While the side-effects shared within the subgraphs of our three examples are commonly associated with a large number of drugs, some of the side-effects shared by the three drug pairs such as hallucinations, excessive salivation and anxiety are somewhat less common. To investigate this relationship for the data set as a whole, we calculated log frequencies for all side-effects and compared these values against the normalized average rank of pairs where the side-effect was shared by both the query and target drug. If we assume that a higher ranking in our model indicates a higher likelihood of drugs sharing a protein target, this relationship demonstrates similar properties to the observations of Campillos et al. (2008) in that there is a negative correlation between the rank and frequency of a side-effect. The correlation coefficient has a value of −0.045 which is significantly different from zero at the 0.001 level, although the linear relationship appears to break down where the frequency of the side-effect is lower than about 0.025.


In this study, we have used side-effect data mined from social media to generate a sparse graphical model, with nodes in the resulting graph representing drugs, and edges between them representing the similarity of their side-effect profiles. We demonstrated that known indications can be inferred based on the indications of neighbouring drugs in the network, with 42.41% of targets having their known indication identified amongst the top 5 ranked predictions, while 16.25% of drugs that are currently in a clinical trial have their proposed trial indication correctly identified. These results indicate that the volume and diversity of drug side-effects reported using social media is sufficient to be of use in side-effect-based drug repositioning, and this influence is likely to increase as the audience of platforms such as Twitter continues to see rapid growth. It may also help to address the problem of side-effect under-reporting. We also demonstrate that global statistical models such as the graphical lasso are well-suited to the analysis of large multivariate systems such as drug–drug networks. They offer significant advantages over conventional pairwise similarity methods by incorporating indirect relationships between all variables, while the use of the lasso penalty allows a sparse, parsimonious model to be generated with fewer spurious connections resulting in a simpler theory of relationships.

While our method shows encouraging results, it is more likely to play a role in drug repositioning as a component in an integrated approach. Whether this is achieved by combining reported side-effects with those mined from resources such as SIDER, or by using predictions as the inputs to a supervised learning algorithm, a consensus approach is likely to achieve higher performance by incorporating a range of different data sources in addition to drug side-effects, while also compensating for the weaknesses of any single method (Emig et al., 2013). Limitations of our method largely stem from the underlying Twitter data (Plachouras, Leidner & Garrow, under review). Only a small fraction of daily tweets contain reports of drug side-effects, therefore restricting the number of drugs we are able to analyse. However, given that systems such as SoMeDoSEs are capable of continuously monitoring Twitter, the numbers of drugs and reported side-effects should steadily accumulate over time.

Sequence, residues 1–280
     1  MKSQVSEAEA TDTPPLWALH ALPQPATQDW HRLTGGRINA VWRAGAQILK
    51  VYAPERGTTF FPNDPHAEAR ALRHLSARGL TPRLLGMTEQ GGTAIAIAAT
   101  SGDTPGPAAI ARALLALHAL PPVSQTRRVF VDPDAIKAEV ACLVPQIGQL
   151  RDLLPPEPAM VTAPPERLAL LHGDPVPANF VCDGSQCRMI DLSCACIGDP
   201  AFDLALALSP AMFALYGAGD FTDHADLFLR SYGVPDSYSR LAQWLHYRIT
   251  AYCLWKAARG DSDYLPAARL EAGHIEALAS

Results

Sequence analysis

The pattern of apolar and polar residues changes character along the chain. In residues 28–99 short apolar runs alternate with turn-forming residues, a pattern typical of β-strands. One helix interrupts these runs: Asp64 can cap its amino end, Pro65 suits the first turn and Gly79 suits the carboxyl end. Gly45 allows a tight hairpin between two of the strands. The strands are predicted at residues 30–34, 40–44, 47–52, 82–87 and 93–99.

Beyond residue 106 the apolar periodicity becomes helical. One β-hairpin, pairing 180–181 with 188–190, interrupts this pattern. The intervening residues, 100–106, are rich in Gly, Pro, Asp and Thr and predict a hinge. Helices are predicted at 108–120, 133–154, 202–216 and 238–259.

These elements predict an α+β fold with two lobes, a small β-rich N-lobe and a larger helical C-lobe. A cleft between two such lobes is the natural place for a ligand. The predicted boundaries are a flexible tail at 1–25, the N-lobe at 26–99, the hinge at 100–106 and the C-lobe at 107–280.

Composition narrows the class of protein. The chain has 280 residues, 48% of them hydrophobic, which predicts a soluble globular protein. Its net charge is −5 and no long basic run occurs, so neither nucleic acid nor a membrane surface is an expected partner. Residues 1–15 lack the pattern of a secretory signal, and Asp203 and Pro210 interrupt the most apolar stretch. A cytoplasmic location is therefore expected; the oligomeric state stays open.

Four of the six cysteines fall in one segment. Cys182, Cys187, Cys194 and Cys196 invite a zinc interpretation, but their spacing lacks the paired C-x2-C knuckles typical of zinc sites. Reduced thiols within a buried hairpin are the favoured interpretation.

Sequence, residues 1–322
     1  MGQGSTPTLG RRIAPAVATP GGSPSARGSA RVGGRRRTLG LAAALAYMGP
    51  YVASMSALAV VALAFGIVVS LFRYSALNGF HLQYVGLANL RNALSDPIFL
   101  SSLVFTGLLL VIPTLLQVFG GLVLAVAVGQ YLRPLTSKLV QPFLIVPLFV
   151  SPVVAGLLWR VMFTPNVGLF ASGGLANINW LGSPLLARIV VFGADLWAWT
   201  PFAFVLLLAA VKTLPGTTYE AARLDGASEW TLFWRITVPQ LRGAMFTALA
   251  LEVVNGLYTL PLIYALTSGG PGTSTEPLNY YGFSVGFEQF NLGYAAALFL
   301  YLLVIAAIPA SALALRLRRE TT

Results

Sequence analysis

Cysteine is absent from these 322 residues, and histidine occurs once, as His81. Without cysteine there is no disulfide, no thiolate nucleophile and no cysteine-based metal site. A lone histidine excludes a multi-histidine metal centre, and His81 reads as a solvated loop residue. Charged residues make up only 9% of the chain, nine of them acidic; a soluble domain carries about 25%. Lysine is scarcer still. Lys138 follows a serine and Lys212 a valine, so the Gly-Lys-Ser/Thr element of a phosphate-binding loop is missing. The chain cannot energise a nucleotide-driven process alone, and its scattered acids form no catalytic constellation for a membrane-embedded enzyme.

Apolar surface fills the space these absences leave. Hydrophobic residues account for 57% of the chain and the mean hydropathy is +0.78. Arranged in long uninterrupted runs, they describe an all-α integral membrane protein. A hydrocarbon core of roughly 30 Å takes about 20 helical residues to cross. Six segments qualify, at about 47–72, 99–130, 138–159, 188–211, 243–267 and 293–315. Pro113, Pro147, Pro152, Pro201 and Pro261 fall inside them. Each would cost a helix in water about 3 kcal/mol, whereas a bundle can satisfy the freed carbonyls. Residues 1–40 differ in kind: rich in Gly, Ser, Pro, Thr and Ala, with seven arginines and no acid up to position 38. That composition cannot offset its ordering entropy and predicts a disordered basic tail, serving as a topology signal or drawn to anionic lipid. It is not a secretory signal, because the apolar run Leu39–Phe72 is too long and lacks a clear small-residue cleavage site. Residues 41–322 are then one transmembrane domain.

To address this, in the future it may be possible to extend monitoring of social media to include additional platforms. For example, Weibo is a Chinese microblogging site akin to Twitter, with over 600 million users as of 2013. Clearly, tools will have to be adapted to deal with multilingual data processing or translation issues, while differences in cultural attitudes to sharing medical information may present further challenges. Extensions to the statistical approach may also result in improved performance. Methods such as the joint graphical lasso allow the generation of a graphical model using data with observations belonging to distinct classes (Danaher, Wang & Witten, 2014). For example, two covariances matrices generated using data from Twitter and SIDER could be combined in this way, resulting in a single model that best represents both sources. An extension to the graphical lasso also allows the decomposition of the sample covariance graph into smaller connected components via a thresholding approach (Mazumder & Hastie, 2012). This leads not only to large performance gains, but significantly increases the scalability of the graphical lasso approach.

Another caveat to consider, common to many other repositioning strategies based on side-effect similarity, is that there is no evidence to suggest whether a repositioning candidate will be a better therapeutic than the drug from which the novel indication was inferred. While side-effects can provide useful information for inferring novel indications, they are in general undesirable and need to be balanced against any therapeutic benefits. Our model does not attempt to quantify efficacy or side-effect severity, but it might be possible to modify the natural language processing step during Twitter mining in order to capture comparative mentions of side-effects, since tweets discussing both the therapeutic and side-effects of two related drugs are not uncommon. Incorporating this information into our model may allow a more quantitative assessment of the trade-off between therapeutic and side-effects to be made as part of the prediction.

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DOI: 10.7717/peerj-cs.46/supp-1